When the summer heats up, one of the best places to cool off is on the water. Spending a hot day paddling a canoe, kayak or stand up paddleboard relaxes your body, soothes your mind and gives you a glimpse of just how peaceful nature can be. The cares and worries of the day float away and sink beneath the surface and hours on the water flow quickly by with the current. A human-powered boat is also a great eco-friendly way to access beautiful campsites and countless remote adventures deep in the Adirondacks in New York, the Boundary Waters of Minnesota, or Baxter State Park in Maine. Here at the Outdoor Gear Exchange and GearX.com, we have the gear and accessories that you need to have a happy day on the water, whether you’re in a canoe, a kayak, or on a SUP. Here are our 7 picks for essential paddling items:
1) Dry Bags
While water is beautiful and fun to be out on, often you want to or need to bring along gear that can’t get wet! Your phone, camera, map and food —along with your extra clothes and sleeping bag on extended trips— all have to stay protected and dry. A watertight dry bag with a roll-top is the perfect solution and can keep your gear from accidentally getting wet.
Larger dry bags that are 35 liters and above, are perfect for holding clothing, food and other items that you don’t need to access readily while paddling. A bag like this can be stowed away in a kayak hatch or in in a canoe during multi-day trips. Dry sacks smaller than 20 liters are great for cameras, maps, phones and snacks that you want to access more easily, or if you’re only going out for the day. A small dry sack can be stored in an accessible hatch on a kayak, at your feet in a canoe, or in a fanny pack or day pack while paddling a SUP. The Sea to Summit Big River series of dry bags are available in sizes from 3 liters to 65 liters, so you can find the perfect combination of bags for your trip.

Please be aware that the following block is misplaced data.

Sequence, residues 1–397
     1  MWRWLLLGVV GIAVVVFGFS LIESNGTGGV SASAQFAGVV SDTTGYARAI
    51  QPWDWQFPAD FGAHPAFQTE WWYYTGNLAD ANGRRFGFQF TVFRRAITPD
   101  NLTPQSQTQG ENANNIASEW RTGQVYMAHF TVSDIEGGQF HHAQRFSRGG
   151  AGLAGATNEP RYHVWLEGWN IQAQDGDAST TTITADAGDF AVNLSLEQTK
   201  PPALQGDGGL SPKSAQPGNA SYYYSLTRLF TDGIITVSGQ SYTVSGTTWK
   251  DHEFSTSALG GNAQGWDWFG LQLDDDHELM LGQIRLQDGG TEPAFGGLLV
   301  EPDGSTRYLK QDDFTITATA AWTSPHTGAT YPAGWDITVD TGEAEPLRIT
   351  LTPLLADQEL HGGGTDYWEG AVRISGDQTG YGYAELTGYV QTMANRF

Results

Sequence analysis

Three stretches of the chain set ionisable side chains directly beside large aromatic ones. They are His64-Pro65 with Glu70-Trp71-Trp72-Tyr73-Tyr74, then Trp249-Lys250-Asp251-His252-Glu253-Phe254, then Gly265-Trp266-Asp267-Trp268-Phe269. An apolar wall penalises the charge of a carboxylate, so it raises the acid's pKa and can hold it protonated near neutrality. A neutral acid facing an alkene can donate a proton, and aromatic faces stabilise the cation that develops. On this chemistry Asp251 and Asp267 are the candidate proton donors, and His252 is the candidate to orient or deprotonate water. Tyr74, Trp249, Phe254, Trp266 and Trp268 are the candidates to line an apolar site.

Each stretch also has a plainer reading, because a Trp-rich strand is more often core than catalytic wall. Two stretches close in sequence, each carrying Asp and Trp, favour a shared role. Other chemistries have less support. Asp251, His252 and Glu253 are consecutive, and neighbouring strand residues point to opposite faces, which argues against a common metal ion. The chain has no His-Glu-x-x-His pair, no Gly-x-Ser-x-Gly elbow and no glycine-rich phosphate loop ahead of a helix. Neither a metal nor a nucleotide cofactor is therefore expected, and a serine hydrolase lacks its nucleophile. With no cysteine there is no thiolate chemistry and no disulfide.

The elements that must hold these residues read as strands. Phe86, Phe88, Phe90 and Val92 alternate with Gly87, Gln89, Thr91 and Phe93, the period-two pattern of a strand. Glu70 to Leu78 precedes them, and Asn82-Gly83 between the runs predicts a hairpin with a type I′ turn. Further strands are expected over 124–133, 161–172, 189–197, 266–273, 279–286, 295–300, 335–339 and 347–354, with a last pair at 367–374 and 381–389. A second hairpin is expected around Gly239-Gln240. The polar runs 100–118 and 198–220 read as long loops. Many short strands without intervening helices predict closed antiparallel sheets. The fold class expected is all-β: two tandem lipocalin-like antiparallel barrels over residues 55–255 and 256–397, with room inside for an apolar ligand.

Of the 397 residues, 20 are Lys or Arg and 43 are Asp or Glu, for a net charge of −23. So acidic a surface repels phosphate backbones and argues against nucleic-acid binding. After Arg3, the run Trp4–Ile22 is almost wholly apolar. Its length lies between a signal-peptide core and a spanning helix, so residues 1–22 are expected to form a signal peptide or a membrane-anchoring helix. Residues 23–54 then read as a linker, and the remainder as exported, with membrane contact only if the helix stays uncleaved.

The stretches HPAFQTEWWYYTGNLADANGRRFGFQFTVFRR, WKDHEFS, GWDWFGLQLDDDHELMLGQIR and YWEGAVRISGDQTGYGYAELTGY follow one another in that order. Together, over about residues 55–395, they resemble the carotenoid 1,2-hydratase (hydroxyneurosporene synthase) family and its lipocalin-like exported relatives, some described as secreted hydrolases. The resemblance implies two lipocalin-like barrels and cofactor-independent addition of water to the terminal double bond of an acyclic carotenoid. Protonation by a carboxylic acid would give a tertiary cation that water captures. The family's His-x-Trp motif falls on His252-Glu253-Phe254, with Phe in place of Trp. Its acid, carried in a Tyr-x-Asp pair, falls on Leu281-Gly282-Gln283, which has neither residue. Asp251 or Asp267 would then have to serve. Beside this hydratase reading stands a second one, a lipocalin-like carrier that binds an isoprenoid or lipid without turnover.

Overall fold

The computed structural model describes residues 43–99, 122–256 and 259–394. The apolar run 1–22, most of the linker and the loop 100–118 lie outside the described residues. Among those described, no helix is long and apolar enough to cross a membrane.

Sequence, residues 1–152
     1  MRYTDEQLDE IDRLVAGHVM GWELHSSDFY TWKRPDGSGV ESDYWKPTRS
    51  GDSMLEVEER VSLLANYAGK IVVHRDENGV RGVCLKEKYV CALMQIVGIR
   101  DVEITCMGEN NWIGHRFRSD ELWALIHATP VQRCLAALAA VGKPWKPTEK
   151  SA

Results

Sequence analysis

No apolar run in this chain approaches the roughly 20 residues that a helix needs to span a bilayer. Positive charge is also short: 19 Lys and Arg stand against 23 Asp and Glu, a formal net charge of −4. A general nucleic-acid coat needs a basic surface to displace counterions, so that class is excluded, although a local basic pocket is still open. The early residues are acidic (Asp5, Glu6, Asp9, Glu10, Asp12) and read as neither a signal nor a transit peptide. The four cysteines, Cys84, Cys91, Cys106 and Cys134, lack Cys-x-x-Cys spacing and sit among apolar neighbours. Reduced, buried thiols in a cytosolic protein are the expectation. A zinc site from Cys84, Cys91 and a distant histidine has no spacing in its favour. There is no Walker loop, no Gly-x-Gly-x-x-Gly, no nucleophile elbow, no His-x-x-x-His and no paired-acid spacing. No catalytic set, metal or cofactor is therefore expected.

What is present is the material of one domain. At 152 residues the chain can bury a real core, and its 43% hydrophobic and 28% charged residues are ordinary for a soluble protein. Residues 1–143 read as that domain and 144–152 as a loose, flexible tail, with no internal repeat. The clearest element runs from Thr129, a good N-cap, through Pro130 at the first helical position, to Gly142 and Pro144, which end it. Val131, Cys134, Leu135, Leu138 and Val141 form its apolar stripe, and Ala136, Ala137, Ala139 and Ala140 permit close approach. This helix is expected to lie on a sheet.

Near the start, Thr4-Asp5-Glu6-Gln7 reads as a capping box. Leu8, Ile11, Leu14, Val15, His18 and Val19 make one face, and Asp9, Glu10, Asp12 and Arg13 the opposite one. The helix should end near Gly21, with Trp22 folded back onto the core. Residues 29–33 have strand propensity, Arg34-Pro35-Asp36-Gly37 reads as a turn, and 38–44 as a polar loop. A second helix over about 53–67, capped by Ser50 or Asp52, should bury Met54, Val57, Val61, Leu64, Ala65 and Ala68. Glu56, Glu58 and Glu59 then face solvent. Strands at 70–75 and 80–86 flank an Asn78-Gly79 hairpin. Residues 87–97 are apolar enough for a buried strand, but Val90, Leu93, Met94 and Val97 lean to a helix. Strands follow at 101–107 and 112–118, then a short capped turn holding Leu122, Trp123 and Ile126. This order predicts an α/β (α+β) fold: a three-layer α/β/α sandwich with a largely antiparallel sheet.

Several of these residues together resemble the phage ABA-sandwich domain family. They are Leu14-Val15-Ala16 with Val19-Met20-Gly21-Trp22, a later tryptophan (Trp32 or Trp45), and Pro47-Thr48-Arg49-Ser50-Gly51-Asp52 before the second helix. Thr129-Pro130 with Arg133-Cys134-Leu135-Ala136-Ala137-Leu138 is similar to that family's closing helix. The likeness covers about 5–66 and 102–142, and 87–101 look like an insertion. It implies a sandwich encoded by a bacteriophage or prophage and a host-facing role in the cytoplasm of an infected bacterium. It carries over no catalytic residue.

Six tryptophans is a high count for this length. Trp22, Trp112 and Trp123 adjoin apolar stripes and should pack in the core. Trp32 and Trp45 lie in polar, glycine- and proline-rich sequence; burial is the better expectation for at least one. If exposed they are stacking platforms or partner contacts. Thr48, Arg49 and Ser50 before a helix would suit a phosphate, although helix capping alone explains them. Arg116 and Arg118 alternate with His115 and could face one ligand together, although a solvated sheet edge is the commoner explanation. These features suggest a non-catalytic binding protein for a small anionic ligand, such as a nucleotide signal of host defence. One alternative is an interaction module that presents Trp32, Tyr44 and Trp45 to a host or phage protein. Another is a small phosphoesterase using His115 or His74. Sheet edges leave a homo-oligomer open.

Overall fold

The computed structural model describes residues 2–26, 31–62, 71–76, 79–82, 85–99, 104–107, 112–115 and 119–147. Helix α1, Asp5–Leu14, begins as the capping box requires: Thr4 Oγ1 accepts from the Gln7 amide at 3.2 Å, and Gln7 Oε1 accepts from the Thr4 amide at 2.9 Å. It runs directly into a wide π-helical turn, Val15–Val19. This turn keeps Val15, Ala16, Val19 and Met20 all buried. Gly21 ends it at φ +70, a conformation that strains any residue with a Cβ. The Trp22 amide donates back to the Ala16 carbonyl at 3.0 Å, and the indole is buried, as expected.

Additionally, a dry bag with straps, like the Outdoor Research Drycomp Summit Sack or the Sea to Summit Carve pack are perfect for SUP paddling, day trips with multiple portages, or a paddle accessible hike. A large dry bag, like the Granite Gear Superior One Portage Pack is perfect for multi-day canoe trips with long portages, since it can hold clothing, sleeping gear, cooking supplies and your shelter all in one pack, and it is cut to accommodate carrying a canoe while wearing the pack.
Check out all of the different shapes and sizes of dry bags that we carry here at GearX.com
On those hot days on the water, its easy to get caught up in how much fun you’re having and forget to apply sunscreen. Unfortunately, the lobster look is neither comfortable, nor attractive, so be sure to protect your skin with some sunscreen! Suncreen with an SPF rating of at least 15 is ideal, but to be safe something around 30 SPF is ideal. Pick up a tube of sunscreen and make sure to reapply periodically throughout the day. Also, don’t forget about the sunlight that is reflected back at you from the water and rub some sunscreen under your nose and chin!
Even experienced paddlers get sore hands and sometimes blisters on extended trips. The friction from a paddle can pull the skin on your hands and create painful blisters or hot spots. A pair of paddling gloves are a great way to cushion your hands and give you a barrier between your skin and the rigid composite or wood shaft and handle of your paddle. Gloves also protect your hands from the sun! Even if you’re Mr. ToughHands and you think gloves are not for you, full-finger neoprene gloves are an essential piece of gear when you’re paddling in cold temperatures.
TheNRS Axiom glove for men and for women is a comfortable paddling glove for long days on the water. Featuring breathable and quick drying H2Core fabric with 4-way stretch and UPF 45+ sun protection on the back of the hand, the Axom is great for warm sunny days. A vented synthetic leather palm adds durability, while sticky polyurethane pads provide grip on a paddle, even when it’s wet.